Another good one from Toumani is In the Heart of the Moon, a collaboration with guitarist Ali Farka Touré, which won the
2006 Grammy Award for Best Traditional World Music Album.
Ernest Ranglin, guitarist from Jamaica, is without hesitation
my favorite living musician. Modern Answers to Old Problems
integrates many diverse styles. Below the Baseline is more reggae
influenced, and Rocksteady, a collaboration with Monty Alexander,
includes more jazz influenced reggae standards.
T. P. Orchestre Poly-Rythmo: Kings of Benin Urban Grove 1972 – 80.
Many reissues have accompanied the Afro Funk resurgence of recent
years. For a classic track that starts strong and gets into a great
groove, access here.
Habib Koité: His set at 1997 Jazz Fest in New Orleans was the best
of the weekend and started my exploration of African music. All of
his albums are excellent. If you have to choose, start with Ma Ya.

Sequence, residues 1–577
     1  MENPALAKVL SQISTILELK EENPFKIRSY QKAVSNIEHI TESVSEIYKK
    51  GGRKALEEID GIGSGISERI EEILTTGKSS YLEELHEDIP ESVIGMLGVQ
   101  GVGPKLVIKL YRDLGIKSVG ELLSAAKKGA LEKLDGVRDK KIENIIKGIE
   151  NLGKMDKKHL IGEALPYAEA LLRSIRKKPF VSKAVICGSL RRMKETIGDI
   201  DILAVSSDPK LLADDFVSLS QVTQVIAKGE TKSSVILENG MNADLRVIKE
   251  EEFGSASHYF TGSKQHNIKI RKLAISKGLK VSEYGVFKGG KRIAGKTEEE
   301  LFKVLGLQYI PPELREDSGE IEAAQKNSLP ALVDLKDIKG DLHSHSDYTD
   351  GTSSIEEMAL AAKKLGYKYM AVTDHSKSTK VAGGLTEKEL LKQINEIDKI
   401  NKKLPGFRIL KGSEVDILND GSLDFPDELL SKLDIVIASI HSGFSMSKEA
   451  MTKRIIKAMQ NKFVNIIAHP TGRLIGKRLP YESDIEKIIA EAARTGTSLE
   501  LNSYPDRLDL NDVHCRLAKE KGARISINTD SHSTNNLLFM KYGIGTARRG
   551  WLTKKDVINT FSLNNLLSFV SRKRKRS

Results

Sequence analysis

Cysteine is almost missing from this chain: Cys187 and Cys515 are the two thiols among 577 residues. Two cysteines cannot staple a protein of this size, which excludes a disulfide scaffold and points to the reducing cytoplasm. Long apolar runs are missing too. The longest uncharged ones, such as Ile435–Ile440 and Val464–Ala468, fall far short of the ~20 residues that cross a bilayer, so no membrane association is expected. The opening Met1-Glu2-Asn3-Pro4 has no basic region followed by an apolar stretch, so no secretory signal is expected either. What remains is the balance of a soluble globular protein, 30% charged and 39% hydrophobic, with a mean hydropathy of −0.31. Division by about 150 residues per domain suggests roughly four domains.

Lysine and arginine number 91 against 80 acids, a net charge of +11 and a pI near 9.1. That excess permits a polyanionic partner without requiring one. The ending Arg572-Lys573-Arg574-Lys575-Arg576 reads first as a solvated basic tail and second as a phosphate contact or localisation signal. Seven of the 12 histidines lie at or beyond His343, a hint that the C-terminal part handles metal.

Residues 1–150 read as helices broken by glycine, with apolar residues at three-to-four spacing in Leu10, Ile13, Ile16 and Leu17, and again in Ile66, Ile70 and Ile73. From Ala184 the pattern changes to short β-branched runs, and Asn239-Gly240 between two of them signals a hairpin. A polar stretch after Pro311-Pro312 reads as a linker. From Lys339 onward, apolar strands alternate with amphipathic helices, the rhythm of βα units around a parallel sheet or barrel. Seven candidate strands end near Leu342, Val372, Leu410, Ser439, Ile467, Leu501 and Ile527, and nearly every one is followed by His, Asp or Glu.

During the past decade in NYC, the World Music Institute (WMI)
sponsored many excellent concerts from Indian, Persian, and Kurdish
musicians. I’m grateful for the organization, and here are four
Kayhan Kalhor, master of the Kamancheh or Persian spiked fiddle: listen here.
Ali Akbar Moradi plays the traditional Kurdish tanbur (lute). Listen here.
Ghazal Ensemble blends Persian traditional and Indian classical with
Kayhan Kalhor & Shujaat Husain Khan. Listen here.
L. Shankar, double violin maestro and inventor. His 2004 WMI performance
with Gingger, also on double violin, was among the best shows I've seen.
The studio releases don't quite capture the deep resonance, which drops
to the double bass orchestral range, but Raga Aberi is close. Listen here.
Michael Brook (ambient musician) and U. Srinivas (electric mandolin from India) team up on Dream, an experimentalism collaboration that will appeal to the ambient as well as jam band listener (hear track 1 here). If Dream doesn't satisfy your Indian and electric mandolin craving, pick up U. Srinivas' Dawn Raga, which has a warm, meditative feel and was recorded live from 430a-630a with the musicians facing the sun (listen to samples here).
Thievery Corporation has a self-described outernational sound. All their albums are great, consider Radio Retaliation to start and listen to one of their best-known songs (Lebanese Blonde) here: